Hello again, it's just me this time, Laura. After a few weeks back home it was time for me to hit the road again. It was a very easy start rolling through the Netherlands, Belgium and a short stretch of Northern France to the ferry to Dover. Mostly flat and often car-free is this part of Europe a cyclist's paradise. Christina accompanied me until Belgium - and happily exchanged her saddle for a comfortable car seat after two days. So for the first time it was just me and my bike, noone to share those thoughts floating through your head all day with. I started to use the "Warmshowers" website a lot more in order to meet people to stay with and talk to in the evenings. It's a great way to meet locals and - in Spain - improve my Spanish, but none the less it gets quite boring on the road after cycling by myself for a few hours.
Getting into England, I enjoyed following the National Cycle Route #2 down the coast - a mixture of gravel and quiet backroads and very often right along the seafront. I was also really keen on trying out the "South Downs (mountainbike...) trail" for a few days, especially given that I had perfect weather for my entire time in England: despite getting coldish by night, it was blue skies and sunshine all day long. The route mostly led over gravel and single trail tracks, as well as over sheep- and pig paddows every now and then. The views were fantastic, but after two days more or less pushing the bike up the ascents and crawling over the paddocks at snail's speed, I was getting exhausted and returned to the paved roads. I highly recommend the route, but be sure to take a mountainbike and pack lightly...
Finally I reached Portsmouth, from where I took the ferry to Santander. Twenty-four hours on the open ocean, what a great way to reach Spain. Once again I was the only one cycling aboard amongst a lot of trucks and cars, even the staff seemed somehow surprised to see me there.
Upon reaching Northern Spain, I had exactly one day of sunshine, before autumn set in. I cycled 12 km to a small village, where I stayed in a house flatshare for a few days and waited for the constant rain to end. But it didn't. In the end I decided to take a train down south, exploring a few cities like Valladolid and Salamanca in between. When seeing a good amount of snow up north from my train window, I felt quite relieved not to be out there with my tent and bike, that would have been very, very cold...
Reaching Jaén in Andalucia, the weather finally was on my side again. The ride to Córdoba was beautiful, rolling all day long through millions of acres of olive groves with hardly any cars crossing my path. But rain had once again set in, so I patiently waited my turn to get back on the road. There are worse places in the world to be stuck for a few days than a city like Córdoba packed with history, fantastic buildings like the Mezquita and "cañas y tapas" on every corner.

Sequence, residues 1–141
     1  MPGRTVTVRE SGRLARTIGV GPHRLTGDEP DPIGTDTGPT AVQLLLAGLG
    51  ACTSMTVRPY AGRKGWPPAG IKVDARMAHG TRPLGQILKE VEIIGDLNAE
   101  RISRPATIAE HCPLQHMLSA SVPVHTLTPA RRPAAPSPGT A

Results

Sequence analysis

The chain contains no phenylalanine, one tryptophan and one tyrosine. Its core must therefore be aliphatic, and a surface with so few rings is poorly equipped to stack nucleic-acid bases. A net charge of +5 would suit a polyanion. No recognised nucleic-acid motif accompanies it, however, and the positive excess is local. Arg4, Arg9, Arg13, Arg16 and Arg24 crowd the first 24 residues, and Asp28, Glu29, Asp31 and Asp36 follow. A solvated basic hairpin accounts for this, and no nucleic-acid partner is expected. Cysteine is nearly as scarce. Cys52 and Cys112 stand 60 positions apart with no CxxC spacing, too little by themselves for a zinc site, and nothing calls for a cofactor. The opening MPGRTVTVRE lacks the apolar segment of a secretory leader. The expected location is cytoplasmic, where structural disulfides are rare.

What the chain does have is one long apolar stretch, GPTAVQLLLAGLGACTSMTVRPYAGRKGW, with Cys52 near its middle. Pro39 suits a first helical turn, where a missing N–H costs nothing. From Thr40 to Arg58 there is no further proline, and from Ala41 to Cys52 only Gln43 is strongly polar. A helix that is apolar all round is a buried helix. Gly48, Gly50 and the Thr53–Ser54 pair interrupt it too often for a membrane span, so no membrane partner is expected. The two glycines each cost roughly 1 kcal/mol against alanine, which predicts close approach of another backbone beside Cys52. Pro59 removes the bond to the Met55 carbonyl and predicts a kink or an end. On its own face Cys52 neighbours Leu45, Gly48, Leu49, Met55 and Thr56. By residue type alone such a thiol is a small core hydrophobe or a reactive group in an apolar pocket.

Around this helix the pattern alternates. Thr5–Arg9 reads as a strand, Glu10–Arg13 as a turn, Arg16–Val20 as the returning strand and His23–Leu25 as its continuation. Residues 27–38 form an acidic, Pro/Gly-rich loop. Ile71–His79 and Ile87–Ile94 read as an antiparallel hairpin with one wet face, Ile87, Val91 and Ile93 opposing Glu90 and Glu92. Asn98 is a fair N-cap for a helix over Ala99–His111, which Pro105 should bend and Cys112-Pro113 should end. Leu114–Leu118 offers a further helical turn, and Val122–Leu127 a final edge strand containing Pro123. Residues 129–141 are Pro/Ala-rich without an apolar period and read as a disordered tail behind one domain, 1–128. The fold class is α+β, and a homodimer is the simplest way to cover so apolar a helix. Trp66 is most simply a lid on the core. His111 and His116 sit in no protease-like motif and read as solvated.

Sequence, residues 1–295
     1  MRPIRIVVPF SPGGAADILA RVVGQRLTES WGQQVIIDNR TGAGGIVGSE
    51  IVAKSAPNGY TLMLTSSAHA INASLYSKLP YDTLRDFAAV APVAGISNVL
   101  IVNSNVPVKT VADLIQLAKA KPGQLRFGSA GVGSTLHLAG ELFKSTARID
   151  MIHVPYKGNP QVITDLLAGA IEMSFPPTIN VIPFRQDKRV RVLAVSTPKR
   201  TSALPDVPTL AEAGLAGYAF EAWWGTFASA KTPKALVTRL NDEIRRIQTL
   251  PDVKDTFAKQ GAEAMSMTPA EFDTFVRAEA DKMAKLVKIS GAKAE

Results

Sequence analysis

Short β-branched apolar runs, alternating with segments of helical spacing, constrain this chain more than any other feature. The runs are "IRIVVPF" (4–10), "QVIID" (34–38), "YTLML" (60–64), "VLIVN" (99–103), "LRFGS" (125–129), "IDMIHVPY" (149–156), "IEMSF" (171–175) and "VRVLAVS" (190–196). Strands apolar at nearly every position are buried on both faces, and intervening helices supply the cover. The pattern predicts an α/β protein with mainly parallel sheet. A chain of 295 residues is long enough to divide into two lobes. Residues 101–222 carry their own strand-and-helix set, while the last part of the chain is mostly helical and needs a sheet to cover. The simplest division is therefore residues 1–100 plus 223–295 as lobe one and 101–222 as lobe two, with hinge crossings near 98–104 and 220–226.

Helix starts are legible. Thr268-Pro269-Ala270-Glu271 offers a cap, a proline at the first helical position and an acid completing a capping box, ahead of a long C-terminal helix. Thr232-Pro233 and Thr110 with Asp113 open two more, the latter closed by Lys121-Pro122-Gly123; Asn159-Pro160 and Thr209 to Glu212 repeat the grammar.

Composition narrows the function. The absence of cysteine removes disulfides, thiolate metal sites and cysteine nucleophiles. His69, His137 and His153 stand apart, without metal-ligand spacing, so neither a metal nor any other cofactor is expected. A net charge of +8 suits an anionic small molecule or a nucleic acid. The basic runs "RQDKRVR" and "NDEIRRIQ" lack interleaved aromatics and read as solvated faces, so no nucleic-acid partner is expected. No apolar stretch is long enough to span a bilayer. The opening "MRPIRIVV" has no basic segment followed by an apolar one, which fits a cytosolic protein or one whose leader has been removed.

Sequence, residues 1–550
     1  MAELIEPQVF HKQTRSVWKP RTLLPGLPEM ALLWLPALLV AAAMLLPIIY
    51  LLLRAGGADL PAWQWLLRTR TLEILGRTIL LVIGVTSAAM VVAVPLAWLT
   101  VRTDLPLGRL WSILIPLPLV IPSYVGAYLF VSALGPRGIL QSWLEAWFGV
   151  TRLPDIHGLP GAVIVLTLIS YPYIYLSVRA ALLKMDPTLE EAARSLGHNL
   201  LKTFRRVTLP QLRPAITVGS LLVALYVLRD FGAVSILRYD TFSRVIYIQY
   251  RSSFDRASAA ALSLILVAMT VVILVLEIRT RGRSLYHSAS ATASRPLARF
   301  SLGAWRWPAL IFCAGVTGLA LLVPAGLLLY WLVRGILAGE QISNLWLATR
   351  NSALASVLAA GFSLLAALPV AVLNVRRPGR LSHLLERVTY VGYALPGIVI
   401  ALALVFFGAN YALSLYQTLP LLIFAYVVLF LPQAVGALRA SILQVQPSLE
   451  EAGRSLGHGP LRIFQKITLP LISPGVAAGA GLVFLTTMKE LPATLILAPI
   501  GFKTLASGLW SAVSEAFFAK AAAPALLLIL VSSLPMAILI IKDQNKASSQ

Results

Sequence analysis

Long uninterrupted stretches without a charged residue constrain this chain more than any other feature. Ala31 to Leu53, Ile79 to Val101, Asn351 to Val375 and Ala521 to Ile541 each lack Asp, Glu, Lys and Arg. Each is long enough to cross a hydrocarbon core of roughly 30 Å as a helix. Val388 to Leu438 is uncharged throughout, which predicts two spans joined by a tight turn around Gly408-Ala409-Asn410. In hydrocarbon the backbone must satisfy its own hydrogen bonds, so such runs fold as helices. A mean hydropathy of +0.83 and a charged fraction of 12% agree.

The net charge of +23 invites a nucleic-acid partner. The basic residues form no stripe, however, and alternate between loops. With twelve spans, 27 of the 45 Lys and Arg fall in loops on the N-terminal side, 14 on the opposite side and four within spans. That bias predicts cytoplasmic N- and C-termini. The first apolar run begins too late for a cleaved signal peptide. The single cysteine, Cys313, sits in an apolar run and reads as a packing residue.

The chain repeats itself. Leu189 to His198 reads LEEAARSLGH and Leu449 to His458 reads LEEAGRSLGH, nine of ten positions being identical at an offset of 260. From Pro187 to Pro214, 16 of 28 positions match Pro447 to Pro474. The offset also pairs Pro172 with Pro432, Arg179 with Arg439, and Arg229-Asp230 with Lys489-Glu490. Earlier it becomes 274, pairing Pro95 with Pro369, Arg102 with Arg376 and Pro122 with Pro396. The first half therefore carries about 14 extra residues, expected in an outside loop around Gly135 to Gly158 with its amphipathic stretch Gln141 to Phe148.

But the weather doesn't seem to be on my side this year, as more rain had been forecasted for western Andalucía. I decided to skip Sevilla and the far south-west of Spain for now and follow the sun to Granada. The first day was a long one with a total of 1000 metres climbing, 110 km and some dirty gravel/mud stretches in between. Just a few miles before reaching the town of Lucena, where I were staying with a "Couchsurfing" host, the mud was getting too much for my bike: the wheels were jammed and stopped rotating. I once again started scraping the mud off the fenders with my bare hands, we had been there before... All alone in the olive groves at dawn that wasn't my favorite place to be at that moment. But I was saved by an old man from a nearby village, who was walking his dog in the olive groves. Together we repeatedly scratched all the mud from the fenders, alternately carried either the bags or the entire bike for a while when nothing else worked. He accompanied me all the way into town, a great gesture and very much appreciated at that moment!
The following days I explored the Sierra Subbética on two wheels, following small backcountry roads, preferably paved from now on, but you are always in for a surprise here! The weather was perfect, I encountered hardly any cars and was enjoying the ups and downs of the mountains. Now it really payed off that I once again reduced my baggage by many kilograms before heading off to Spain. At the moment I am in Granada and will be spending a few days here before heading on. Seeing the snow-topped mountain ranges of the Sierra Nevada from afar, I might skip them this time and head straight to the coast!